Rear Window Alfred Hitchcock (Critical Analysis).

2016 words - 8 pages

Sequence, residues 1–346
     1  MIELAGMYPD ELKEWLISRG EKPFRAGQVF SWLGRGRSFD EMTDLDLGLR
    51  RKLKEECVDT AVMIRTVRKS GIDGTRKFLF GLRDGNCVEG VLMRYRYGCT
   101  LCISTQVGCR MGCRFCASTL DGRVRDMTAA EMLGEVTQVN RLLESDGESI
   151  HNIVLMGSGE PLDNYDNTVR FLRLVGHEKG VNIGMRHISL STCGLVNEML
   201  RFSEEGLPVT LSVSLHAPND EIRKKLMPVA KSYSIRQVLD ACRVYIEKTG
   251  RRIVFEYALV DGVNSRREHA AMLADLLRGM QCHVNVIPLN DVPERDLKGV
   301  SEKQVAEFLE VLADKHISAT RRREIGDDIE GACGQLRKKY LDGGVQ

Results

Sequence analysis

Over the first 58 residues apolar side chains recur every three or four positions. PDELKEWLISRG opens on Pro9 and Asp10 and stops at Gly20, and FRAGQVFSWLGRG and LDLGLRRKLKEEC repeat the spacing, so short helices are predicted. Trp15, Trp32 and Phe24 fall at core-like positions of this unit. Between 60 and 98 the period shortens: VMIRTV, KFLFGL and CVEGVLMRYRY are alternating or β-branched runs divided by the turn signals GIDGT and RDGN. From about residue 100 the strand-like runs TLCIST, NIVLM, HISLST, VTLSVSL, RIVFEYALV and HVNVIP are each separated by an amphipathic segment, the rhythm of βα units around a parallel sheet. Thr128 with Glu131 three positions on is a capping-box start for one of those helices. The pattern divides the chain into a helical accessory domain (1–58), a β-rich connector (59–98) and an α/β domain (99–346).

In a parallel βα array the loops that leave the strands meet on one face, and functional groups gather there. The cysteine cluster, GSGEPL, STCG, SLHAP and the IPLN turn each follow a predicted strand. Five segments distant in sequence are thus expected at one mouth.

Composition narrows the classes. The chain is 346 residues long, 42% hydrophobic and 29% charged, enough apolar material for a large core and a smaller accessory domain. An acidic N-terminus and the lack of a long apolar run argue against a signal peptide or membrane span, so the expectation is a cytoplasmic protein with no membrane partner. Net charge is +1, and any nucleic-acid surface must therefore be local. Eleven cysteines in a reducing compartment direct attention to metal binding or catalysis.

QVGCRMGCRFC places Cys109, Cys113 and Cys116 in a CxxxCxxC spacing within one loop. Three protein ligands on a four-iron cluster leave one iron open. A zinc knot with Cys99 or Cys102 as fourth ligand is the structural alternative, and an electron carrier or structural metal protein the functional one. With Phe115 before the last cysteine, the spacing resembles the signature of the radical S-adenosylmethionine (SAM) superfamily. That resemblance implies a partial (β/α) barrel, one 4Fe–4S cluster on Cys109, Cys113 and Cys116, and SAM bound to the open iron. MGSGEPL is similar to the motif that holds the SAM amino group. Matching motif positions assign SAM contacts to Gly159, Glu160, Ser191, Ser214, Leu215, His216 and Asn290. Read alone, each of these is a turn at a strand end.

Rear WindowAlfred HitchcockAlfred Hitchcock's film 'Rear Window' was made at Paramount Studios in 1954. With a highly talented cast including James Stewart, Grace Kelly and Raymond Burr, Hitchcock hyped the film with taglines such as "See it, if your nerves can stand it after 'Psycho'..." In-keeping with much of Hitchcock's work, the horror and suspense is not of an entirely visual nature that we may be used to in more recent thrillers. He is more a master of suspense, paranoia and nerves. This is why I have chosen to concentrate on the very first ten minutes of the film, where the foundations of the storyline and its accompanying ambiguities are laid.The opening credits of a film can often tell us a lot about the forthcoming storyline and is indeed a great opportunity for director to set the tone of the film, establish an ambience and maybe to give us an idea as to what we can expect. Behind the credits of 'Rear Window' we can see three bamboo style blinds rising very slowly. Already we can draw a lot from this; The blinds conjure images of the theatre, rising like the curtains at the start of the show. This theme of drama and a 'theatrical reality' is one that we can pick up at many points in the film. The blinds are translucent, we can make out general shapes and colours, but can't see the true image of what is behind them. This is a very obvious link to the storyline, we don't know from the start what is going to happen or if Jefferies is dreaming up his suspicions about Thorwald or if what we are seeing is reality or in fact, a deluded point of view from Jefferies. The rate at which the blinds rise is almost tedious. They rise very slowly, making us wait to see what it behind them. I think we can also say that this is a reflection of the film, demonstrating Hitchcock's use of suspense, making the audience wait to see what is uncovered. The score during the opening sequence is very interesting. In a kind of jazzy style, the music shifts forms a few times, providing melodies that are pleasant to the ear along with crescendo's that are playing in flat and sharp notes. This may signify to the audience that we can possibly expect to have tension in the film amidst the fairly mundane setting which we can now see is a courtyard of apartments.The camera travels through the windows and proceeds to make a long tracking shot around the courtyard. Already we can see that the way the set looks is very theatrical. It almost two-dimensional like a stage, with windows into mini-sets within it. There are balconies around the sides that you may expect to see in a theatre. The scene has been set and we can see the area in which all the players will 'perform' in. We then get a view of a thermometer that shows a temperature in the nineties. This sets an air of tension and anxiety over the beginning of the film, almost warning us that something is going to happen. We can even tie the temperature of the air in with Jefferies who is later having his temperature...

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